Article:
What do you mean “dangerous”?

Tewksbury, Massachusetts isn’t a big place. It still generated an interesting appeal on public liability though.

On 20 January 2012 Eileen Potvin and her boyfriend stopped to get fuel at a service station in Tewksbury. While her boyfriend was paying for the fuel she went looking for a squeegee to clean the windshield. She began to walk towards the car backwards (for reasons which were not explained). The heel of her shoe caught in a groove in the paving. She fell and was injured. The groove was part of a legally mandated barrier designed to catch fuel spills.

1907 Andover Street, Tewksbury MA (Image from here)

Potvin sued the operator of the service station. She alleged that the groove was a hazardous condition of the premises and that the operator had failed to warn of them.  She conceded however that they were open and obvious to the average poerson.  The defendant sought summary dismissal of the claim, which was granted by the US District Court for Massachusetts: Potvin v Speedway LLC, 264 F. Supp 3d 337. Potvin appealed.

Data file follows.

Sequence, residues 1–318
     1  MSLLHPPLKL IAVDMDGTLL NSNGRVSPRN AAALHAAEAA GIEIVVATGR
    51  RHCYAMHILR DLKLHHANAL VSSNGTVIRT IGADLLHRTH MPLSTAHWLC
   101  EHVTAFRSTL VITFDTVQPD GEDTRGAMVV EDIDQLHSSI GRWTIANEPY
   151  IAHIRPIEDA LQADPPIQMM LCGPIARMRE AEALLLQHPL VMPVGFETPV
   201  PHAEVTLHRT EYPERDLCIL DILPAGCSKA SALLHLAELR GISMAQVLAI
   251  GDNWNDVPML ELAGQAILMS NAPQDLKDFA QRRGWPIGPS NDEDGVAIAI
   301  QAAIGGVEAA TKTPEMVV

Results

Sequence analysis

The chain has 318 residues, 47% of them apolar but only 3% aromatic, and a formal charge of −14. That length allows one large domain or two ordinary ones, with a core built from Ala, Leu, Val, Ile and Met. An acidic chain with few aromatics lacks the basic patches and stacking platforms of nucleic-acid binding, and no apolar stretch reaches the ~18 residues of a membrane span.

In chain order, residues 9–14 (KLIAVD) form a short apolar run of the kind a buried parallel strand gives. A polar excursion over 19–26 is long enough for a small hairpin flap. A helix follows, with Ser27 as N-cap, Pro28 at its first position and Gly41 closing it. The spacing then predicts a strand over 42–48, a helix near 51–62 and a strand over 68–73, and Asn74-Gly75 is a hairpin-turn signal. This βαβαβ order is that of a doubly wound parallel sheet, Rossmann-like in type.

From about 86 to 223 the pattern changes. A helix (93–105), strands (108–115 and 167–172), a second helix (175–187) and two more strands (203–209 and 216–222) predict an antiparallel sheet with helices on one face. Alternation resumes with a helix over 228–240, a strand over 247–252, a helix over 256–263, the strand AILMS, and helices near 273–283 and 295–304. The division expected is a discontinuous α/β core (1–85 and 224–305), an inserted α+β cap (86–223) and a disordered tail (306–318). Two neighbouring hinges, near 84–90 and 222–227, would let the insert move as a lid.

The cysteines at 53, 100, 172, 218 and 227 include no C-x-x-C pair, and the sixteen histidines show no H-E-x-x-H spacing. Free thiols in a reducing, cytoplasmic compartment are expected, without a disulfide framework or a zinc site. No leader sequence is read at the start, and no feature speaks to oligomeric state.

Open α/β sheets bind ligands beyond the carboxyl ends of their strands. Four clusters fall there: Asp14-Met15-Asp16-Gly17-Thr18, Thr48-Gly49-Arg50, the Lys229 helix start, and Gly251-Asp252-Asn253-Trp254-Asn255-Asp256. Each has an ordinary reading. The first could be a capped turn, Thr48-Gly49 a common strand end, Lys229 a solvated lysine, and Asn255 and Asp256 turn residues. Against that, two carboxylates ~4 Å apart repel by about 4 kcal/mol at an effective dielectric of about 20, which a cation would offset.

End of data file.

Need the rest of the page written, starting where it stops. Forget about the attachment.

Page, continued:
The Court of Appeals for the First Circuit noted that it was common ground that  Massachusetts law applied. The Court accepted that a landowner generally owes a duty to protect lawful visitors from dangerous conditions. In practical terms, however, they need only maintain the premises to a standard that would be safe to a person exercising the minimum care required in the circumstances.

Under Massachusetts law, property owners are relieved of any duty to warn of open and obvious conditions, including those that present open and obvious dangers, since it is logical to expect that a lawful visitor exercising reasonable care for her own safety would not fall victim to such “blatant hazards.”

Because the grooves were open and obvious, the defendant was not obliged to warn visitors about them.

The plaintiff also contended that the defendant had a duty to remedy the danger presented by the grooves, on the basis that there was a heightened reason to foresee that even though the hazard was obvious an open, it presented a danger likely to cause harm.  This argument was also rejected.  She suggested signs and brightly coloured paints as remedies.  The court retorted that –

warnings are not remedies. … [A]llowing a plaintiff to conflate warnings with remedies would frustrate settled doctrine. … Where, as here, the plaintiff does not propose a feasible remedy, a property owner cannot be held to answer for a putative duty to remedy.

The appeal was dismissed

Potvin v Speedway LLC (2018) US First Circuit Court of Appeals, 4 June 2018